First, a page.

"It was just a constant game of connections with overseas agents and agents in the U.S. that would tell you what was going on from a revolving door with players."

Musselman, who coached 21 seasons in professional basketball with CBA and NBA teams including as a head coach with the Golden State Warriors and Sacramento Kings, got his first college coaching job as an Arizona State assistant for the 2012-13 season.

The move to Arizona State, in the Phoenix suburb of Tempe, reunited Musselman with Lee, who at the time was an assistant coach at Grand Canyon University in Phoenix.

"I told Eric he'd be a great college coach," Lee said. "That's certainly proven to be true."

After helping Arizona State and LSU to back-to-back NCAA Tournament appearances as an assistant, Musselman got his first college head coaching job at Nevada, where in each of the previous three seasons he won Mountain West Conference championship and led the Wolf Pack to NCAA Tournament appearances. His four-year record at Nevada was 110-34.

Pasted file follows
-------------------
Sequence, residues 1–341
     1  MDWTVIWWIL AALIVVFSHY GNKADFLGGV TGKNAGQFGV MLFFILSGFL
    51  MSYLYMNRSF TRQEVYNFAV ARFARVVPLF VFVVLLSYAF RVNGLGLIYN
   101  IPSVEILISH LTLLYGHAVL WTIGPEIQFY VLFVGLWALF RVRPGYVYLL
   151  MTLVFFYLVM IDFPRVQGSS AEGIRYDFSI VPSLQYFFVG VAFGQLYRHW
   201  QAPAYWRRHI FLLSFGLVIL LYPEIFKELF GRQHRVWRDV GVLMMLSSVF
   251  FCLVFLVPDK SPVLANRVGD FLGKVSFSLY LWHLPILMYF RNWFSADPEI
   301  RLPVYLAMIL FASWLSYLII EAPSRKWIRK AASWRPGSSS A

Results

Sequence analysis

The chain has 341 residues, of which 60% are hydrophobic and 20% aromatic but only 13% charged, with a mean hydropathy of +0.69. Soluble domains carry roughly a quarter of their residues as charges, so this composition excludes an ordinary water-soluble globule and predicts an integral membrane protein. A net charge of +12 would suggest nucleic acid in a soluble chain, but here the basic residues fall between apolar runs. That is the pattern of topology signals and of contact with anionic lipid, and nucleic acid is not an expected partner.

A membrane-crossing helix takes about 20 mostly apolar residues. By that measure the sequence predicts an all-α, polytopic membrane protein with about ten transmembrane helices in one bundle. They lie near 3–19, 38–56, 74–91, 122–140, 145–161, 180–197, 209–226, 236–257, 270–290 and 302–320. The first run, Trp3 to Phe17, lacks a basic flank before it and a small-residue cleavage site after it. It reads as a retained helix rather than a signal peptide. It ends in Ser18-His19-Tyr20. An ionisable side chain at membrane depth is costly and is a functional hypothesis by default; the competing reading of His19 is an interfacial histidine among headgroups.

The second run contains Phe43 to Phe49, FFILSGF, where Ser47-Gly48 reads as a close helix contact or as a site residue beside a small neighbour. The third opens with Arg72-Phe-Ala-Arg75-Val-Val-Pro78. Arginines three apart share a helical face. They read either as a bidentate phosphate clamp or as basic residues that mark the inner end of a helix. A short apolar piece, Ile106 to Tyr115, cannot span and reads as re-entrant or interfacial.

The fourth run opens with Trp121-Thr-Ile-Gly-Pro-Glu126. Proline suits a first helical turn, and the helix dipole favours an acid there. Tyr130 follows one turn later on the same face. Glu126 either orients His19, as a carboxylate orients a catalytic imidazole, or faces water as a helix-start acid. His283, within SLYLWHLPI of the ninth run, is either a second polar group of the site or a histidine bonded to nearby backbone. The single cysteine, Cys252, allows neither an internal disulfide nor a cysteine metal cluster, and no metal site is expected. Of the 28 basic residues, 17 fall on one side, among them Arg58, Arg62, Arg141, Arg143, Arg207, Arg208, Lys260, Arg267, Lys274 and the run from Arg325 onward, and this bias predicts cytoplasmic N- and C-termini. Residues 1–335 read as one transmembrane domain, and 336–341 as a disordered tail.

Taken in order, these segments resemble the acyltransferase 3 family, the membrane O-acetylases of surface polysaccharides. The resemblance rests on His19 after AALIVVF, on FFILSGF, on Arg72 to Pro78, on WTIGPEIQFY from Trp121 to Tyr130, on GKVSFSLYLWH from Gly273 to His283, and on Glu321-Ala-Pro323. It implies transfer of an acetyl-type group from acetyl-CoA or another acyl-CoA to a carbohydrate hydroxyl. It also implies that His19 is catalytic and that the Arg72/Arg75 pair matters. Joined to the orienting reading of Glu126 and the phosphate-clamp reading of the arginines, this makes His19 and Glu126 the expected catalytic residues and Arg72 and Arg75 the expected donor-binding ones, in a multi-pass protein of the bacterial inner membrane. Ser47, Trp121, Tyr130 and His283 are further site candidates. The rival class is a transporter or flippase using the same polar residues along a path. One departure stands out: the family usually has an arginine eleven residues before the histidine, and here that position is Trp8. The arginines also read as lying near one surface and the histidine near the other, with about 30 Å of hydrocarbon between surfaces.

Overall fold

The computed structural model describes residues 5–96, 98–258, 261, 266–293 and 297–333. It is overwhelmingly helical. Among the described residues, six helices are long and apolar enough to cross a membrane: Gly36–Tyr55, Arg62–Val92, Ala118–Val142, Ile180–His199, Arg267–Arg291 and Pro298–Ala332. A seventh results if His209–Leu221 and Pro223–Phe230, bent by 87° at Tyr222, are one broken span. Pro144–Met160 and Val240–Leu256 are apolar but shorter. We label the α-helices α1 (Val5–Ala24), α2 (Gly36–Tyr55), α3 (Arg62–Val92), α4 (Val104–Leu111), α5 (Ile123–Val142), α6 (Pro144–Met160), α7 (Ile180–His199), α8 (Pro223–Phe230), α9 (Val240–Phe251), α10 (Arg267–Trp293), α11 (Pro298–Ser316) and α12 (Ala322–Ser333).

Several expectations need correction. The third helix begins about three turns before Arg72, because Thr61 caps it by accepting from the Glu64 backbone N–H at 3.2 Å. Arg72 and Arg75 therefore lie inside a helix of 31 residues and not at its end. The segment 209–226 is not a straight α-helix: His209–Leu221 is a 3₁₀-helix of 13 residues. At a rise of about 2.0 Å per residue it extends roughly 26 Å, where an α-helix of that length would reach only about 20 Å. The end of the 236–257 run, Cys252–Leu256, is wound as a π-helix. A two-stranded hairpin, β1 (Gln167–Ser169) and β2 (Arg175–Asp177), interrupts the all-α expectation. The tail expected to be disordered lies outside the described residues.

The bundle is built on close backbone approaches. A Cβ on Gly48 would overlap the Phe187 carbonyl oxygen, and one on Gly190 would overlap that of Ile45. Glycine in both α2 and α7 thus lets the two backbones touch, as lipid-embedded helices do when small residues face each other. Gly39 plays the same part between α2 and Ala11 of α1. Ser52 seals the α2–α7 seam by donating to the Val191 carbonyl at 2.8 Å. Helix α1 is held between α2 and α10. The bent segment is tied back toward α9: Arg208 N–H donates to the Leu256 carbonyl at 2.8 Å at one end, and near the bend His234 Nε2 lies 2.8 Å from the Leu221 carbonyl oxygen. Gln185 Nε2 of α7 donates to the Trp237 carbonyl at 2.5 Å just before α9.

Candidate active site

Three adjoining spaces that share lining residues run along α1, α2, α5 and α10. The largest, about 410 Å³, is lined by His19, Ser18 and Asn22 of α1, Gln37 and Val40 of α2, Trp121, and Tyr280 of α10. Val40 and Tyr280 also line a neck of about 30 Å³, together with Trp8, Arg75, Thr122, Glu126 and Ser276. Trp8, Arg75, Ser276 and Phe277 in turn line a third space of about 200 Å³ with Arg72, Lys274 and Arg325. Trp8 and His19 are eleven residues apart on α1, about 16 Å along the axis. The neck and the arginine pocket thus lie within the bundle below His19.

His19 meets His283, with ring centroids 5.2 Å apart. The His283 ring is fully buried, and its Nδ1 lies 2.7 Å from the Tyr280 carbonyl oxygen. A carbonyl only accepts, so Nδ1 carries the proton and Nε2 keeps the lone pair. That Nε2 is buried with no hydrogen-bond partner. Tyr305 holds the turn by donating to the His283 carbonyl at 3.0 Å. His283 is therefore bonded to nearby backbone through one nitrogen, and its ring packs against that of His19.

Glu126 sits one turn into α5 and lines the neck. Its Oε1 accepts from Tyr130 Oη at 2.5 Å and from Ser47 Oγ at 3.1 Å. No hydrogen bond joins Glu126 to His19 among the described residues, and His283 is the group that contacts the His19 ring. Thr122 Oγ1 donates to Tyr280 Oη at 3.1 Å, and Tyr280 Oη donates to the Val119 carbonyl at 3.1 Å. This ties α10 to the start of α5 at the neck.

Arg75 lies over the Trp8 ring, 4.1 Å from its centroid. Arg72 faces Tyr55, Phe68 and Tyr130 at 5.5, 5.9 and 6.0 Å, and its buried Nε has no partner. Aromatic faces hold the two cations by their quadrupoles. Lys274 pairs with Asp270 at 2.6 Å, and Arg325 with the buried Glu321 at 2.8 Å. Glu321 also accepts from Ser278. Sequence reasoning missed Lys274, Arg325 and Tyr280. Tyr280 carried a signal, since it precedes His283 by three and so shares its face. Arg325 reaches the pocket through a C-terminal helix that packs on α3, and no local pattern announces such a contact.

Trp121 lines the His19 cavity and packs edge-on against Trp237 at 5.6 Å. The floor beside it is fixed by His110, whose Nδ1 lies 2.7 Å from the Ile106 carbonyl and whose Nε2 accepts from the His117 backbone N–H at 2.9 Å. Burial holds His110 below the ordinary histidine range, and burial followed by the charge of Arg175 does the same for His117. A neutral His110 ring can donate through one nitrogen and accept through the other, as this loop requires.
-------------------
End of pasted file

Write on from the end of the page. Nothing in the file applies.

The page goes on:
"I think Eric is one of the best coaches in the country," Lee said. "What he did at Nevada was unbelievable."

Lee wasn't surprised Musselman got his first technical foul at Arkansas during the Razorbacks' 82-51 victory over Texas Southern on Tuesday.

"Eric's always been fiery and intense," Lee said. "I think the only time he relaxes is when he's around his wife and kids and maybe going to a movie. He had endless energy, and he's really, really smart. He thinks about basketball from every angle.

"I don't think Eric's ever going to change. That's why he's really good at what he does."

Sports on 11/22/2019

Print Headline: UA, SD coaches remain friendly